The Malaysian 15th General Election (GE15) is just a few days away, and many Malaysians – especially first-time voters – are understandably eager to participate and carry out their civic duty (and of course, post their inked finger on social media) to determine the future of our country for the next 5 years.
With that in mind, here’s a quick rundown of how the election system in Malaysia works, what are some common terminologies that you might encounter during campaign season, how to check your voter status, and a quick summary of the political parties involved.
Malaysia is a parliamentary democracy (led by the Prime Minister), and a constitutional monarchy in which the king (Yang di-Pertuan Agong) plays a largely ceremonial role, although he has certain discretionary powers.
A total of 945 candidates will be vying for the 222 parliamentary seats in GE15. The election process is based on the ‘first-past-the-post’ system, which means the party or coalition that wins 112 seats – the number needed for a simple majority in the 222-seat lower house of parliament – will form a government.
In Malaysia, voting is not compulsory and turnout usually fluctuates. About 21.1 million Malaysians are eligible to vote in GE15, with approximately five million being first-time voters, largely as a result of the government lowering the minimum voting age to 18 years from 21 last year.
No single political party has ever formed a government on its own, and Malaysia’s multi-ethnic society has a major influence on the composition of coalitions. The two main coalitions vying to form government are Barisan Nasional (BN), which is the current ruling coalition, and the opposition Pakatan Harapan (PH). Other coalition contenders include Perikatan Nasional (PN), Gabungan Parti Sarawak (GPS), Gabungan Rakyat Sarawak (GRS), and Gerakan Tanah Air (GTA).
- Barisan Nasional (BN) is currently led by Dato’ Seri Ahmad Zahid Hamidi (UMNO)
- Pakatan Harapan (PH) is currently led by Dato’ Seri Anwar Ibrahim (PKR)
- Perikana Nasional (PN) is currently led by Tan Sri Muhyiddin Yassin (BERSATU)
Of all the parties, Umno, PKR and Pejuang are contesting in the most number of parliament seats.
Some of the words and phrases used during election season may seem new and/or confusing, especially when people use the Bahasa Malaysia and English versions interchangeably. Here are some common terms you might see and what they mean.
- PRU15 (Pilihanraya Umum Ke-15) = GE15 (15th General Election)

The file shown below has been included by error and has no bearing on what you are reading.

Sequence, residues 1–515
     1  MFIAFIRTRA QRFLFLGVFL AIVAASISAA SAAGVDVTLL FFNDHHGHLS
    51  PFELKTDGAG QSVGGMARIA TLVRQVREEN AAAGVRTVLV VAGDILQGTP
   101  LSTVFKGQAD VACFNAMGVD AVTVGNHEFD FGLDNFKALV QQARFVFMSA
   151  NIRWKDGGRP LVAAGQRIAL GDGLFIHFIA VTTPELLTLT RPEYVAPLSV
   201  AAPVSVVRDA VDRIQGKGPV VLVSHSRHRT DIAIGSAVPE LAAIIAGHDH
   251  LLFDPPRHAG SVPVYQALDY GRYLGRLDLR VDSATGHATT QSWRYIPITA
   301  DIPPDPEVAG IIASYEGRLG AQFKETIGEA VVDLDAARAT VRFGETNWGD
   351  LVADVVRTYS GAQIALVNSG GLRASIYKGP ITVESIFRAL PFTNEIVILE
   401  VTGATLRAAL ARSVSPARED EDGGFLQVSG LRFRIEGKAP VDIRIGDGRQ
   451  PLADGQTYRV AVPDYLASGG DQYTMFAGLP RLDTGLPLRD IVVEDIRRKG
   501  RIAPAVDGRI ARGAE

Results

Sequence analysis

- Suruhanjaya Pilihan Raya Malaysia (SPR) = Election Commission of Malaysia (EC)
- Kerajaan persekutuan = Federal government
- Kerajaan negeri = State government
- Parti politik = Political party
- Gabungan = Coalition
DUN (Dewan Undangan Negeri)
- Also known as Dewan Negeri
- State Assembly
- Chosen during state election
- Term of office: 5 years
- Handle affairs within the respective states
- Also known as Dewan Rakyat or House of Representatives
- Member of Parliament (MP)
- Chosen during General Election
- Term of office: 5 years
- Handle affairs on the national level
Check Voting Status, Location & Candidates
Head over to the Election Commission’s official website https://mysprsemak.spr.gov.my to check:
– Voter registration details
– Election candidates
– Election results
Remember to screenshot or print out your voter registration details so that you won’t forget where to vote, especially the pusat megundi (polling station), saluran (channel) and bilangan (number).
Do’s & Don’ts On Voting Day
Voting day is an exciting occasion, but it can also involve long queues in unpredictable weather, so here are some do’s and don’ts come 19 November 2022.
- Your original MyKad (NRIC)
- Bring your mobile phone to keep yourself occupied but refrain from making loud phone calls or crazy TikTok videos
- Bring an umbrella; you never know if it will rain or shine
- A bottle of water to keep hydrated
- A powerbank if you plan to use your mobile phone for extended periods of time
- Save a screenshot and double check your registration information
- Check your ballot paper to ensure it is not torn, misprinted or marked
- Wear clothes and/or accessories that represent any political party
- Get a manicure before going for voting, especially dark nail polish
- Record or take photos of yourself while voting
With that said, voters CANNOT wear clothing that display any political party or candidate, but you CAN wear everything else as the SPR does not have a specific dress code, so if you feel like cosplaying as Ultraman or an anime character or just your fanciest cultural outfit, they can’t really stop you… Just don’t wear anything illegal or too revealing.
Remember, your vote can change the country’s future for the better. Selamat mengundi!